8. Size of terrain is a 3D vector. Terrain has an origin which is a 3D vector. It might also have a orientation which is either a quaternion or a 3x3 matrix. Placing terrains is often not very different from placing entities, and entities are usually (but not always!) very loose on definition.
  9. Yes, a pre-made engine. You will also get a ready to go toolchain. Have a look at Unity or UDK.

#5170827 Collision Detection Issue

Posted by Krohm on 01 August 2014 - 02:46 AM

Since I have to explain it to you, I'll explain a more complex (but more powerful) way.

We want to see if the ball hits the odd shaped poly.



Then what we want is to take those two sprites and run a threshold of some kind.

Example: if alpha is >= 25 consider solid.

We mark "solid" pixels "white" to obtain two 1-bit per pixel masks.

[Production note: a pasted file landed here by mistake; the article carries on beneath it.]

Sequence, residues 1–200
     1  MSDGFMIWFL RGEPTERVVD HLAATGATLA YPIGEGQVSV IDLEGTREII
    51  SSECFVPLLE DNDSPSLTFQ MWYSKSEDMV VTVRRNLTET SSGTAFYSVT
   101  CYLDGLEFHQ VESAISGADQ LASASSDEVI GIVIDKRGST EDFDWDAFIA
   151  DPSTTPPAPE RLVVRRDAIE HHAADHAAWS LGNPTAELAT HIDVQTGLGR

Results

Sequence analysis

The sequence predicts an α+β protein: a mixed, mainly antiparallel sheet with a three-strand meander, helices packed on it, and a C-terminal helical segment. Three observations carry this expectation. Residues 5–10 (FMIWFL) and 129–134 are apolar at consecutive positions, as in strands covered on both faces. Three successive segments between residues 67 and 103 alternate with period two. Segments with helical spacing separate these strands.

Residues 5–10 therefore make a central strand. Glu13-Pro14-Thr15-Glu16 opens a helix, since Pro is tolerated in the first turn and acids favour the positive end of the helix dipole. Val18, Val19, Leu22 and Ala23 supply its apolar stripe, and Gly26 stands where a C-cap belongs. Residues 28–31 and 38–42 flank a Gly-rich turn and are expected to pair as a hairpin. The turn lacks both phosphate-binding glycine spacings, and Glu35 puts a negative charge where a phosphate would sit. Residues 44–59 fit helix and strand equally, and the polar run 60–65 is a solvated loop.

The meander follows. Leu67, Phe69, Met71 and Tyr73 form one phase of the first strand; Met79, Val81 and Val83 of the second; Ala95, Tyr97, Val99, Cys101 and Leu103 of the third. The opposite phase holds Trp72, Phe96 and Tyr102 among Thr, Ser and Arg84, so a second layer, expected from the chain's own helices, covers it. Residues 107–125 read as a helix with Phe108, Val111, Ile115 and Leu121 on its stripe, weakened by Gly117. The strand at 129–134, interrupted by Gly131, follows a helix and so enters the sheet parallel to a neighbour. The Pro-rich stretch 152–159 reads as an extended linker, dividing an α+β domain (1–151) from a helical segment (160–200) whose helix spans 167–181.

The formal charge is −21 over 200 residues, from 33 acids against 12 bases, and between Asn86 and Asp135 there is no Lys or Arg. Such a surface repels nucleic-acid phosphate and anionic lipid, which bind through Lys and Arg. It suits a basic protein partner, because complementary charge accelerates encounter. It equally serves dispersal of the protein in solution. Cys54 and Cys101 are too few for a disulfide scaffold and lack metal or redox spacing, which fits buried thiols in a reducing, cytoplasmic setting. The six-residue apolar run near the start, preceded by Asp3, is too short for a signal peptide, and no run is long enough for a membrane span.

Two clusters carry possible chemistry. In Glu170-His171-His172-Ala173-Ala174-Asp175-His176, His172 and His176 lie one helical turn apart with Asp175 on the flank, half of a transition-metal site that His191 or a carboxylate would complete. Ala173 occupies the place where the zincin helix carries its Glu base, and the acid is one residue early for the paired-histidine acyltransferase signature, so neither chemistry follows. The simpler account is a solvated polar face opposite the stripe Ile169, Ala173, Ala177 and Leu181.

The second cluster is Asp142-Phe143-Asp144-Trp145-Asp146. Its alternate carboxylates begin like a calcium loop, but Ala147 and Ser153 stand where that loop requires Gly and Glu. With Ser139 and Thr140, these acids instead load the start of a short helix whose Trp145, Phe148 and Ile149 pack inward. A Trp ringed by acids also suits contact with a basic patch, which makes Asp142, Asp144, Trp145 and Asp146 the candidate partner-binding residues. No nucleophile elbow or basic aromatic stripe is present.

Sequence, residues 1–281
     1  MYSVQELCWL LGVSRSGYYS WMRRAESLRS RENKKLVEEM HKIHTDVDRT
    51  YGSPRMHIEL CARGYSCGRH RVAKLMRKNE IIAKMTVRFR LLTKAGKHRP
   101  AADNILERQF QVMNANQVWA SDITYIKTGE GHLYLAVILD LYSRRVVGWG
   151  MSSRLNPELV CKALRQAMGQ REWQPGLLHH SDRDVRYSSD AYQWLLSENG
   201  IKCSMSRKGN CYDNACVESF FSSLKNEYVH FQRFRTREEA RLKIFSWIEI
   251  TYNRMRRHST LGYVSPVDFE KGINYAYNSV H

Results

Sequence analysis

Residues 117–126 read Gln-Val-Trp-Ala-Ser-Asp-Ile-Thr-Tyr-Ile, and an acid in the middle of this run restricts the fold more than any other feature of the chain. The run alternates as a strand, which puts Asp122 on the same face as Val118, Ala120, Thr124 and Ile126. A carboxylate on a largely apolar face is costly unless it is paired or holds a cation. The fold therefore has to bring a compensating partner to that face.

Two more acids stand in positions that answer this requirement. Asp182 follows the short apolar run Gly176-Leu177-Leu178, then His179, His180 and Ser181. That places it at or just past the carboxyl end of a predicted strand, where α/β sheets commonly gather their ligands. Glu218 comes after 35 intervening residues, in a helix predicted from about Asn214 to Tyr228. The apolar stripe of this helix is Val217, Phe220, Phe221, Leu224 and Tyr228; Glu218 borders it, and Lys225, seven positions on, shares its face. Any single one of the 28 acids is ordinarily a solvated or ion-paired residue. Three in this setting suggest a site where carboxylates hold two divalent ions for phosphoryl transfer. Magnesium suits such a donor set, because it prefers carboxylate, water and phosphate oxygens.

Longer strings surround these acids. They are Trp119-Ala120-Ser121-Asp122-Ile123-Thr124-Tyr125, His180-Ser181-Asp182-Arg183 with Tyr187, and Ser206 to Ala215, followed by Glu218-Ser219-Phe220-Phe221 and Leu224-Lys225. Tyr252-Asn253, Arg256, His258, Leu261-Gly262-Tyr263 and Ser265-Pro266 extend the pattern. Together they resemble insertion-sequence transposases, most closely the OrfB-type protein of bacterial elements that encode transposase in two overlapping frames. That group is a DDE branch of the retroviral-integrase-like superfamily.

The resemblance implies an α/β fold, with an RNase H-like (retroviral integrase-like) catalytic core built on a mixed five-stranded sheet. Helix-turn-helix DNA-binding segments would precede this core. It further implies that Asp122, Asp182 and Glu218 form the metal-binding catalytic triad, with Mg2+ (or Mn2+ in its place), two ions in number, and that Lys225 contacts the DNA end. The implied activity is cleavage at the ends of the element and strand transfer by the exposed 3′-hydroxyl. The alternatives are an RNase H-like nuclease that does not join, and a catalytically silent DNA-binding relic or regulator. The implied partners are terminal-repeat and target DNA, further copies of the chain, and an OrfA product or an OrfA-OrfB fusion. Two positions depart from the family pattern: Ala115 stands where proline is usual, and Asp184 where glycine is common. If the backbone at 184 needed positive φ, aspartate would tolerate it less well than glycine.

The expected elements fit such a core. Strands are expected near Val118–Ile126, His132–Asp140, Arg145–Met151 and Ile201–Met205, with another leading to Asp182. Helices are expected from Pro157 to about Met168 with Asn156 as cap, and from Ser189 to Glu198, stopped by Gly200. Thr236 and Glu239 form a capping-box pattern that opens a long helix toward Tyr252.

ball.png poly.png


Now, we count the amount of stuff that could be colliding (this might be not trivial) and decide

- black pixels are "empty" and do not collide

- white pixels do.

But all masks are "white" so we decide to assign a bit of color to each sprite. So 32 bit color --> 32 collidable sprites.

Say we decide the ball gets red=128 while the poly gets blue=128.


Now the tricky stuff. You need to figure out where the ball sprite is located relatively to the poly sprite.

Then you "draw" them on top of each other by adding the values of the "colored masks" pixel-by-pixel.

What you get is (of course I moved the ball here, otherwise it would be very uninteresting):



So this tells you "sprite red hits sprite blue".


My previous approach with XOR is simplier as you don't need to choose colors (you can just XOR the original masks) but it doesn't tell you what collides with what. It's not even so reliable. You decide what's going to cut it for you.

#5170515 Profiling results, GPU or CPU bound?